Online Banking offers users the convenience of managing one's finances anytime, anywhere. However, any online transaction can be vulnerable to security threats.
The current state of online banking
Some financial institutions today still employ simple security mechanisms that consist of a username and password combination for login and money transfers. These are easily breached by the increasingly sophisticated methods fraudsters use and have resulted in users having their account details compromised.
That being said, regulators and institutions are moving or planning to move away from simple passwords or single factor authentication and towards more advanced security solutions, such as Two Factor Authentication (2FA) with One-Time Passwords (OTP). OTP systems provide a mechanism for logging onto a network or service by using a unique password that cannot be reused for each transaction. This increases protection for online bank account management, corporate network access and other systems containing sensitive data.
The current threat landscape
Online banking is becoming increasingly popular# as it brings convenience, simplicity and speed to consumers. Common techniques deployed by fraudsters today to obtain login credentials for users’ online banking accounts include phishing, pharming, keylogging, man-in-the-middle and man-in-the-browser attacks.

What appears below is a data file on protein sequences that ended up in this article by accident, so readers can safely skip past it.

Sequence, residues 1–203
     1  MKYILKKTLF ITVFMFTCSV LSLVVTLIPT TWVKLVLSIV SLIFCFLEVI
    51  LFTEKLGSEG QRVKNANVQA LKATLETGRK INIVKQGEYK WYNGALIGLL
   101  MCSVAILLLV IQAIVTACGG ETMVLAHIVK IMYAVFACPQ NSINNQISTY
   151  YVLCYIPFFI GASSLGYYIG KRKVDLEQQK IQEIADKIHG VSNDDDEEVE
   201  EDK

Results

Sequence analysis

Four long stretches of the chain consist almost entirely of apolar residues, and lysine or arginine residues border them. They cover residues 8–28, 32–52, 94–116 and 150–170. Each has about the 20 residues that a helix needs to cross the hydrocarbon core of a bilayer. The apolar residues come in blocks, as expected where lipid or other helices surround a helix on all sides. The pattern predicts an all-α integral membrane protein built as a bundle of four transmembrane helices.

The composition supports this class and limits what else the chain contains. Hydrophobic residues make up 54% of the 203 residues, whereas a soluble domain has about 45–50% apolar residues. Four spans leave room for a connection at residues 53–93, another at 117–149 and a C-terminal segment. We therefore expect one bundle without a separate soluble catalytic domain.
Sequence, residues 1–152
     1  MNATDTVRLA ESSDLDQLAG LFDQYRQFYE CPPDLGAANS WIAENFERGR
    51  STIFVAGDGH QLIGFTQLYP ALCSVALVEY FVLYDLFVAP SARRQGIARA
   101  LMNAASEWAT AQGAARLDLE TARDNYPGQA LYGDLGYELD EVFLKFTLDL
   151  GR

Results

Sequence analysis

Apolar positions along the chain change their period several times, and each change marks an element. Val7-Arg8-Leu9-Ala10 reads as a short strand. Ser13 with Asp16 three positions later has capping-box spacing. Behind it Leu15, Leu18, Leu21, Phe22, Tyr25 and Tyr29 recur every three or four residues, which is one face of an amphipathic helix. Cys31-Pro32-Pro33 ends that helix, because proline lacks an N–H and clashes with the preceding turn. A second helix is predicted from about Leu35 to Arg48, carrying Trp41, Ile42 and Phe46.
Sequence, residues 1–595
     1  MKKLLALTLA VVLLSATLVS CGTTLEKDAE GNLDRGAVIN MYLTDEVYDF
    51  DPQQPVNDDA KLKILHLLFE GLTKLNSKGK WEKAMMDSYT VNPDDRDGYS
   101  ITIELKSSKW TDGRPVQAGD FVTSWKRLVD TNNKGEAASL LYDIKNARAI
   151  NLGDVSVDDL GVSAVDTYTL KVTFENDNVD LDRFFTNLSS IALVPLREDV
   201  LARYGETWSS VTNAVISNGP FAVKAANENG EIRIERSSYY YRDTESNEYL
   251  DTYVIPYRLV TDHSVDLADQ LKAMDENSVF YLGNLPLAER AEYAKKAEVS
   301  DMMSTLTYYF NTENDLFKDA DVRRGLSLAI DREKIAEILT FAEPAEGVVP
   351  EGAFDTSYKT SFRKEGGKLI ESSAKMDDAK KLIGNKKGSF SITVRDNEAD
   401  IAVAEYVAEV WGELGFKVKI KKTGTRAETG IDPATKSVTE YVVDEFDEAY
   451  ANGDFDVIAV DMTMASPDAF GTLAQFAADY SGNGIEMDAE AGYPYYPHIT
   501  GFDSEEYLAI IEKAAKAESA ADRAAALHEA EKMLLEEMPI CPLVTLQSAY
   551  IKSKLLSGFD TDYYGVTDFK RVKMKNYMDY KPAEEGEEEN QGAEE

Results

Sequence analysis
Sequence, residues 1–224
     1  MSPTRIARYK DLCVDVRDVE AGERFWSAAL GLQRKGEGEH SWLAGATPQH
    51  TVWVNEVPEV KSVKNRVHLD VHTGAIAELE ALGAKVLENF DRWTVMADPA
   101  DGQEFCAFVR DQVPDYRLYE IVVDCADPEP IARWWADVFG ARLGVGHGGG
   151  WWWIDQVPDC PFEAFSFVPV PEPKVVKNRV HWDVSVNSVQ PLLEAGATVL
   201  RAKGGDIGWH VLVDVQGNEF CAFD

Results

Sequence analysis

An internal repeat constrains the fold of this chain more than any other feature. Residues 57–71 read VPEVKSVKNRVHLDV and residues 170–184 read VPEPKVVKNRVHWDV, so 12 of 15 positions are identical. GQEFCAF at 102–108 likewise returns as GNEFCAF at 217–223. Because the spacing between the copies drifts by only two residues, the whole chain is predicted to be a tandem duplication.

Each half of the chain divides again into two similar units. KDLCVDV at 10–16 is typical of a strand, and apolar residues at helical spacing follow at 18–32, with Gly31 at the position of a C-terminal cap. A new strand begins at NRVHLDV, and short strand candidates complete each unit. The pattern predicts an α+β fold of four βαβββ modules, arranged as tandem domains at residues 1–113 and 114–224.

Regardless of the method employed, fraud is a global phenomenon that is constantly evolving in order to exploit security gaps. It also possesses a migratory nature, targeting countries which have less sophisticated security infrastructure. To prevent and deter fraud, banks must be ahead of the curve through regular upgrading of its infrastructure.
Challenges for online banking security
However, implementing security measures for online banking is a task that’s easier said than done. Securing an online banking channel has many aspects to it and each needs to be addressed individually. A key challenge faced by banks when upgrading their security infrastructure is identifying which technologies to adopt and which parts of their infrastructure to change or upgrade.
Apart from having to provide a robust and secure channel for online banking, banks need to decide on a solution that not only suits their needs, but also balances security, cost and convenience for their customers.
The views expressed in this column are the author's own and do not necessarily reflect this publication's view, and this article is not edited by Asian Banking & Finance. The author was not remunerated for this article.
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Jean-Jacques is Gemalto’s Asia Vice President of Business Development for the ebanking and ecommerce business lines. He is responsible for setting-up and implementing a strategic plan to address banks and emerchants with an end-to-end solution that secures access to their remote services for ASPAC and Australia.